New students at college or university may think tuition plus rent equals the total cost of studying, but experts warn of hidden expenses that can increase costs by as much as 30 per cent.


Jeannine Mitchell, publisher of studentfinance101.org, says the interest on student loans adds often uncalculated long-term costs. It may be interest-free while you’re studying, but a government student loan can rise to 7.75 per cent interest when you’ve graduated.


“If students borrow $20,000, they often think that is what they will repay. But when you factor in the interest costs, that may be a $30,000 loan — or more,” she warns. That goes for groceries and nights out tucked away on your credit card, too, and you won’t get a school-years reprieve on that interest.

 

A four-year degree often takes five or six years as students change programs, get sick, or just have a hard time getting the required courses to line up. That will jack up the costs of living in an unplanned way, she says.


She recommends students stay at home, if that’s an option, or consult with their parents or older siblings to get a realistic idea of how much it costs to live independently.


Kavita Joshi of the Royal Bank of Canada says “insidious costs” can quickly run up. That includes easily avoided time-management issues like spending money on lunch every day instead of packing one the night before.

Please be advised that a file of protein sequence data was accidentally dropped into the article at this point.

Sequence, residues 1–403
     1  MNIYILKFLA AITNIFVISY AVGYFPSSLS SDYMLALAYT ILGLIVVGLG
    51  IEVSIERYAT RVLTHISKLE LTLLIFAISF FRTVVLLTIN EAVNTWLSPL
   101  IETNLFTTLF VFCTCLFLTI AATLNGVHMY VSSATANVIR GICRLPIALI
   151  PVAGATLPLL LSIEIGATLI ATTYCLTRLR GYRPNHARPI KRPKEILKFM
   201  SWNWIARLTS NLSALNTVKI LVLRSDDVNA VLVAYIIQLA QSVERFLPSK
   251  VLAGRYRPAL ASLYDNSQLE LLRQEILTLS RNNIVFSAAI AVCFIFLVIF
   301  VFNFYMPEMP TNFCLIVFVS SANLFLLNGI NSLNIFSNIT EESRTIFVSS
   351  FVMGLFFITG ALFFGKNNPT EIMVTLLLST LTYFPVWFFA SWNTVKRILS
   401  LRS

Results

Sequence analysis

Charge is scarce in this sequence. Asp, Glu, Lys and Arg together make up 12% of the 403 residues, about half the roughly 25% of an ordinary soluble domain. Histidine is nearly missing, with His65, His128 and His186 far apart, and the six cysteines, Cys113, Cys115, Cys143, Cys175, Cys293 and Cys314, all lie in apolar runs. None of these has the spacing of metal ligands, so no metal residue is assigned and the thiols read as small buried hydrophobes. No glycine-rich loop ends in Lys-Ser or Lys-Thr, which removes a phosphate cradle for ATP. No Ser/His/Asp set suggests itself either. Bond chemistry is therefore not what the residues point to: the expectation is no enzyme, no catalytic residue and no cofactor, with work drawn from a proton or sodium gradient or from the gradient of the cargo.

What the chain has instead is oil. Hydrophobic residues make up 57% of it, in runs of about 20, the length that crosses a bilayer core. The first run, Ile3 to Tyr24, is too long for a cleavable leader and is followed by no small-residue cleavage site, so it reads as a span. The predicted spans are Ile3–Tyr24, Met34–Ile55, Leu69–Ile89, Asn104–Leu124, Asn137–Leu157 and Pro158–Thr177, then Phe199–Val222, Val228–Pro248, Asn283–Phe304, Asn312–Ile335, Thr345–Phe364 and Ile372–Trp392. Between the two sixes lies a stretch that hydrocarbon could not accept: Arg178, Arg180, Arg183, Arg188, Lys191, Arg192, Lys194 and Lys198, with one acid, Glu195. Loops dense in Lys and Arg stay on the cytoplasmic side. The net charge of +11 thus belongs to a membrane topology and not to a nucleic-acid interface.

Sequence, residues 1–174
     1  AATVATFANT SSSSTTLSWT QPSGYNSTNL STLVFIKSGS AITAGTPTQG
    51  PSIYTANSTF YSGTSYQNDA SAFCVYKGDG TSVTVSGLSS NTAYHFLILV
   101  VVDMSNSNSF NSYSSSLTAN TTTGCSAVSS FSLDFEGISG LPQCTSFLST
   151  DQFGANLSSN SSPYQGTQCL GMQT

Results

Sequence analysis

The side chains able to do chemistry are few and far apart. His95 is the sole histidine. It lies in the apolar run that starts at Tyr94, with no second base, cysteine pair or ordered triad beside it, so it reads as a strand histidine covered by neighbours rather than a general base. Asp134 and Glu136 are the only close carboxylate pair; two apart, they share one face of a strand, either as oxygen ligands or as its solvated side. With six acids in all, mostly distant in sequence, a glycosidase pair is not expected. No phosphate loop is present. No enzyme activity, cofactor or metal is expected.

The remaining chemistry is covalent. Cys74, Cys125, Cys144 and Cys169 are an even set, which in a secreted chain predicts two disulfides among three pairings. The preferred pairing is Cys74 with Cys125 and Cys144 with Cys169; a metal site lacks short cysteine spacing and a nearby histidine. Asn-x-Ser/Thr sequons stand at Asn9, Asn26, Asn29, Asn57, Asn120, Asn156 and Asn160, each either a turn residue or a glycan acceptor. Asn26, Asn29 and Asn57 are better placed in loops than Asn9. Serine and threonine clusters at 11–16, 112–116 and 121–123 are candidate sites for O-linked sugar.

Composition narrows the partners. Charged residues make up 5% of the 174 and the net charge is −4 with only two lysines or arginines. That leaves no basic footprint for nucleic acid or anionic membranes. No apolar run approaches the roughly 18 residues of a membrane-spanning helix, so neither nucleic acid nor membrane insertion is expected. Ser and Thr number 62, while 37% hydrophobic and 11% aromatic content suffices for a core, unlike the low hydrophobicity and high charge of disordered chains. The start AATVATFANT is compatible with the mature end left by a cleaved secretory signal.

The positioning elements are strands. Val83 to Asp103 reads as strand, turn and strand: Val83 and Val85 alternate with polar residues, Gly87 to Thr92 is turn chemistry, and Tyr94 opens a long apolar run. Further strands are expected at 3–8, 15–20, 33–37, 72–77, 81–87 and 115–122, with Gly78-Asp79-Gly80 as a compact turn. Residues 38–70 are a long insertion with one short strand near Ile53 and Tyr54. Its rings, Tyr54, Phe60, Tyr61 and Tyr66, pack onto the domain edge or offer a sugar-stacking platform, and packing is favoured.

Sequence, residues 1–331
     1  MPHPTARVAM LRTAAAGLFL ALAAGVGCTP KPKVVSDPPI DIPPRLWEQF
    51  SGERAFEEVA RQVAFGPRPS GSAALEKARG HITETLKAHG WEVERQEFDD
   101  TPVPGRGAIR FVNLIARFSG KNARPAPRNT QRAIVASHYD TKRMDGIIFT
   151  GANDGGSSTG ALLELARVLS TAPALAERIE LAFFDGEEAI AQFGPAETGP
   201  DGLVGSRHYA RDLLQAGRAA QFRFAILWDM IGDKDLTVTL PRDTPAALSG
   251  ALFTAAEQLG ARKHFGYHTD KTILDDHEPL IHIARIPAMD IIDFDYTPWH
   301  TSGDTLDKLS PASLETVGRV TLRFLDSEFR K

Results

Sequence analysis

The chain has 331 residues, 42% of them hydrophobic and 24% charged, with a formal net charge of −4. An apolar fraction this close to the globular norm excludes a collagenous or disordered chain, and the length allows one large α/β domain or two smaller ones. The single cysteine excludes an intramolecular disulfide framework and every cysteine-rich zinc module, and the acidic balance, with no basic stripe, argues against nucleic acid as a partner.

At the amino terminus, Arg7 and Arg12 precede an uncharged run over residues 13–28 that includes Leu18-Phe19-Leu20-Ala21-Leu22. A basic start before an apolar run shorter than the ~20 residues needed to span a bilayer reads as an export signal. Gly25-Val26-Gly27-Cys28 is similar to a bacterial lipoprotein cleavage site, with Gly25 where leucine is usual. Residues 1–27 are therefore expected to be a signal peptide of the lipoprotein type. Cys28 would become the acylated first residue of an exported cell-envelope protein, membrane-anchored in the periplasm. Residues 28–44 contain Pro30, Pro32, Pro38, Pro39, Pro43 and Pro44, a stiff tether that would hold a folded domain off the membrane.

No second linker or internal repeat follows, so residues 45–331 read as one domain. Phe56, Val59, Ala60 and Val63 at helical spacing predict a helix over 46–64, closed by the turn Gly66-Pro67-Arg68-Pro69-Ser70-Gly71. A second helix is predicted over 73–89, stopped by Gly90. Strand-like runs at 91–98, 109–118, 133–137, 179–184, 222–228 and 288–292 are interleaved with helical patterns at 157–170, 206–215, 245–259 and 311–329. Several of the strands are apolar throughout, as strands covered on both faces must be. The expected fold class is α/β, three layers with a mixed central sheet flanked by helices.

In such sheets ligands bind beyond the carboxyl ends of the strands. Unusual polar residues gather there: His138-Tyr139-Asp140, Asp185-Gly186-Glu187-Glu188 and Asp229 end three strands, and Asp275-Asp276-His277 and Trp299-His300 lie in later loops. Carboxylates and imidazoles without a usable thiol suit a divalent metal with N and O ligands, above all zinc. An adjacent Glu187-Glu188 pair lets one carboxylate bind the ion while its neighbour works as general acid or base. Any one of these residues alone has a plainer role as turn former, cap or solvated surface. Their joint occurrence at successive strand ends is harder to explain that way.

She points students to the Better Student Life calculator, which tells students how long their money will last. A recent poll found 35 per cent of students would run out of cash by Christmas.


“We can’t influence the tuition reality, but we can as bankers … have a fulsome discussion to help (students) get a good understand of their financial reality and think of some of the additional costs,” she says.


Tom Hamza of the not-for-profit Investor Education Fund (GetSmarterAboutMoney.ca) has seen students, overwhelmed by mounting debt accrued buying books, computers and just paying the bills, drop out, meaning they don’t get that degree or diploma and lose what money they’ve invested.


He urges students to sit down with the “big b-word”: budget. “When you do that, you’re much more comfortable with the level of debt you assume,” he says. “It’s an investment in yourself and you shouldn’t despair.”

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